As I mentioned in yesterday’s post, I was able to get into the studio last week. I have a few more layers on the demo piece, so I thought I would show you the progress so far. This is where we left off last time. (If you are new, and want to see this piece from the beginning, you can find it right here.)
I enjoy adding asemic writings to my work, in addition to text in foreign languages. Asemic, if you’re not familiar with the term, means that it has no specific semantic content or meaning. You can see some light pencil markings across the strip of newspaper in the photo below if you look closely.
And, another layer of paint to soften the effect of the layer before.
And, more stamping! I tried something new. You’re shocked and amazed, I’m sure. I have several large stamps that are quite detailed. With paint on a brush or palette, I find that it is difficult to get enough paint on the stamp so that it makes an image while not too much so that the details are all lost. This time, I thought that I would try using a brayer to smooth some paint onto a board, and then use that as a stamp “pad”. The board worked well….the brayer, not so much. It may be my brayer, but it just wanted to slide around on the paint, so I quickly gave that up.
And here is where it is now. I did more stamping than I usually do because I was having too much fun! You can see the fine detail of the stamps in the right-hand sections as it sits here.
I have also made some progress on the pylons or whatever I’m going to call them. I think they may be ready for embellishment, but I’ll have to see what happens next. When last you saw them, they looked like this:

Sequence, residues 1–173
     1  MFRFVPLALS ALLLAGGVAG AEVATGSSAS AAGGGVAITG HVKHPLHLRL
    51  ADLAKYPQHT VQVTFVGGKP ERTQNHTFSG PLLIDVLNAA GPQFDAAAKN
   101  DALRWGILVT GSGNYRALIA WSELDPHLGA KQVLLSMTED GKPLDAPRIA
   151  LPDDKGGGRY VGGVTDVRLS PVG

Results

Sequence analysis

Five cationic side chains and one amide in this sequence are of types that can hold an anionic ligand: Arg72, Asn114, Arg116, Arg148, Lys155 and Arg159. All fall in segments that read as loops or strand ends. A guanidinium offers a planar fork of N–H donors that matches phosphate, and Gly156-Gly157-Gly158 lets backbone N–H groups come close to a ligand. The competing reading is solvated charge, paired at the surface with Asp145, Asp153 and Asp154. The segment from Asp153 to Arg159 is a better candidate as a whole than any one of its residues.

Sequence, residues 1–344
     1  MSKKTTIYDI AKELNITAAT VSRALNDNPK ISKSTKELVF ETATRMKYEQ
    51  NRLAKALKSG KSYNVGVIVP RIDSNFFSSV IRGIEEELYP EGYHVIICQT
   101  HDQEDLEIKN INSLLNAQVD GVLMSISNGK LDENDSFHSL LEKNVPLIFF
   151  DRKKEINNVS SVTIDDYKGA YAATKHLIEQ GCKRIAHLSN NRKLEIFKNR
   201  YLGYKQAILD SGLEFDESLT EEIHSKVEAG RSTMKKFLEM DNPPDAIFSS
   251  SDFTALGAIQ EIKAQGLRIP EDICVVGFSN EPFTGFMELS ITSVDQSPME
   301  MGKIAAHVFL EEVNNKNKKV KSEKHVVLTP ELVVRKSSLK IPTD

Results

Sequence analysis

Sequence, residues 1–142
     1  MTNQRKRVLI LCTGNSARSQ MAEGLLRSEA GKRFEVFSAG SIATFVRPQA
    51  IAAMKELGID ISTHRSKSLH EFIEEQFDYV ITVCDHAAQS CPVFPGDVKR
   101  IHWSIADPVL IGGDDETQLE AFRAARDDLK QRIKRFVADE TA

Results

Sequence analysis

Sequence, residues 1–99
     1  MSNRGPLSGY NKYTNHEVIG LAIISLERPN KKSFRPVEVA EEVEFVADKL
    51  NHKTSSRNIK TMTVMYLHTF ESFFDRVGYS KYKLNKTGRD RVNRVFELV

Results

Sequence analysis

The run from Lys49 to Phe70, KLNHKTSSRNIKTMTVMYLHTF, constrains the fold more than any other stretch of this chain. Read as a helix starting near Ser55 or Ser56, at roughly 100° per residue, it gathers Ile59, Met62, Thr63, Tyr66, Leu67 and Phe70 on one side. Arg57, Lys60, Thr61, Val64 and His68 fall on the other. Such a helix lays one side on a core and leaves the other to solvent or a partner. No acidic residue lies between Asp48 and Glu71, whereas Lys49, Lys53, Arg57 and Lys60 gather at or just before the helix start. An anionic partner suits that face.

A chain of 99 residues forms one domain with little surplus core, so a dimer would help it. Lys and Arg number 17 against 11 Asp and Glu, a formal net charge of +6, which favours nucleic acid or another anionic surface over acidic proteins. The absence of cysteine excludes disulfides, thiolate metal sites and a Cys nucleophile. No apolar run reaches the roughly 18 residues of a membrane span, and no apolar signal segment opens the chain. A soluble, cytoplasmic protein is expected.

I felt that I wanted them really dark, so that the embellishments would really pop…but all of that is subject to change at any moment.
Two other pieces that I’ll share with you are these:
These two are on watercolor paper. The West Texas Watercolor Society has a show coming up, and I just heard about it. I may enter, if I can get something finished and framed in time. If not, I’ll shoot for the spring show. Their guidelines are that the piece has to be on paper, matted and framed, and no “found” papers may be used. I dug these two pieces out of a stack of pieces that I’ve played around with periodically, and hadn’t collaged on. I don’t do as much on paper as I used to. I enjoy the cradled panels more, but if you want your work juried into a show, you either follow their guidelines or your work won’t be accepted. I only have a few weeks, so we’ll see. Sometimes pieces will come together quickly, and other times I can’t seem to get them to do anything at all!